Year Established: 2019 Start Date: 2019-06-18 End Date: 2020-05-31
Total Federal Funds: $10,000 Total Non-Federal Funds: $20,000
Principal Investigators: Dr. Xiao Su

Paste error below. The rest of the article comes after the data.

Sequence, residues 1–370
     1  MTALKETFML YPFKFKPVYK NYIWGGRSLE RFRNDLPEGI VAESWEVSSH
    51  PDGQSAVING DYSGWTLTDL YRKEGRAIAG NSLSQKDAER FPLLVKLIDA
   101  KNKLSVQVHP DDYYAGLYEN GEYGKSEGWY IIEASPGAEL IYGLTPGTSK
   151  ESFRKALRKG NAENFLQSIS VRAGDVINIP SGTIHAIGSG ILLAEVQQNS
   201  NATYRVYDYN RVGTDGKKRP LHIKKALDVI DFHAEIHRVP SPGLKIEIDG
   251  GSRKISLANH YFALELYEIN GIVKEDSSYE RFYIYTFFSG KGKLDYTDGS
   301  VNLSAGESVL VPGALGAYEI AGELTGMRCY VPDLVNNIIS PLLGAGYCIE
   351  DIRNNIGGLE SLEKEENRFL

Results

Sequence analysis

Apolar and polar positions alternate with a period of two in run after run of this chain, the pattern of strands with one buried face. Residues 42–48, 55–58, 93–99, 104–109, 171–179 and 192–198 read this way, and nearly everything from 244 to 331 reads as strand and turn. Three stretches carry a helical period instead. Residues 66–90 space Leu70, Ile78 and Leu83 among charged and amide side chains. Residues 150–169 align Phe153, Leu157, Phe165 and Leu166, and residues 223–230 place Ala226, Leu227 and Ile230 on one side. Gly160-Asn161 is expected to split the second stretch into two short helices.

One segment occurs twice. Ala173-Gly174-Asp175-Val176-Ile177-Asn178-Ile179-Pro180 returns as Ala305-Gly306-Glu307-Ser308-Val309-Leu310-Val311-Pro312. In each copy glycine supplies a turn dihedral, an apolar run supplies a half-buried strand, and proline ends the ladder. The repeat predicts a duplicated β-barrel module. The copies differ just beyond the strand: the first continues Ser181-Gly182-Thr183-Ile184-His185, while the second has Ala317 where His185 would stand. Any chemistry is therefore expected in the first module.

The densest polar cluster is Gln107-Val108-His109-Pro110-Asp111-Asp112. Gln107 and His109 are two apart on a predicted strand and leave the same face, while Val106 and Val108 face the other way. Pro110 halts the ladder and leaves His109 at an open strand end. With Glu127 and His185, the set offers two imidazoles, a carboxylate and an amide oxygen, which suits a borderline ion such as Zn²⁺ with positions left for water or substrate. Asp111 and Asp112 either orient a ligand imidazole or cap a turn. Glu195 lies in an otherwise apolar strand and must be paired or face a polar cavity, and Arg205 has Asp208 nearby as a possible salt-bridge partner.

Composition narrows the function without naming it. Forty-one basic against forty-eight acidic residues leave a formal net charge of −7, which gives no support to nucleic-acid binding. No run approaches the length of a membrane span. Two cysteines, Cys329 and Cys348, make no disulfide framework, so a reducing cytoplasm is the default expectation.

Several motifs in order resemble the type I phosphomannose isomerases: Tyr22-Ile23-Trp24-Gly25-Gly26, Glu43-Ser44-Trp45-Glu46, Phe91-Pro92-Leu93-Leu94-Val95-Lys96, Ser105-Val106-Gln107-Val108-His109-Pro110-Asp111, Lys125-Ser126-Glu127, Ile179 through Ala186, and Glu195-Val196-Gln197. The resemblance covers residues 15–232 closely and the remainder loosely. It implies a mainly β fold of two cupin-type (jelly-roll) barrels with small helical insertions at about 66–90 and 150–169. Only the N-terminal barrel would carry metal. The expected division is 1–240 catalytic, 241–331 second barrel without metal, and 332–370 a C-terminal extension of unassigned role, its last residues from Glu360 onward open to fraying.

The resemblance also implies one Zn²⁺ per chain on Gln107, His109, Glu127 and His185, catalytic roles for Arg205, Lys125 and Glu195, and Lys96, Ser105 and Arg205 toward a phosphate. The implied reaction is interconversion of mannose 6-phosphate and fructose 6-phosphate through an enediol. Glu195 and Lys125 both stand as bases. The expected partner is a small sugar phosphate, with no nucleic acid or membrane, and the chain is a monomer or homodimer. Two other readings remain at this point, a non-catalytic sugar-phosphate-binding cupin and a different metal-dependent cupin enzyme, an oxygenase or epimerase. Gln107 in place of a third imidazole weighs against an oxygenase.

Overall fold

Abstract: Excess nutrients are a major problem of concern for freshwater sources in the United States, especially nitrogen and phosphorus compounds from anthropogenic activities. In agriculture, nitrate from fertilizers eventually finds its way into aquifers and streams, becoming a problematic contaminant to treat by conventional technologies. Thus, efficient, affordable and robust purification technologies are needed for a range of nutrient remediation contexts, from point-ofsource treatment or remote in-situ devices to large-scale, centralized wastewater treatment facilities. We propose to develop and implement a conceptually new strategy for nutrient remediation and recovery that relies on electrochemically-modulated separation processes. These processes exploit redox-tunable molecular-level affinities of adsorbent materials towards target contaminants and require no additional chemical additives, only a mild source of electrical power. These processes can be operated over a wide range of scales, from simple hand-held devices to high-volume treatment facilities, without need for high-pressure or temperature swing operations. The design principles will focus not only on the fundamental binding of nitrate to our electrodes, but also on ensuring the ease and cost of fabrication of the electrodes themselves, as well as their assembly into practical devices for use both in individual households, and in more centralized facilities. The goal is to remove nitrate from contaminated water, while at the same time recovering this nitrate in up-concentrated form as a value-added commodity, for possible re-use in agricultural contexts. Important factors to be considered include: cyclic operational modes, energetics of the process, device fabrication, sources of electrical power, cycling stability, operation at different scales, among others.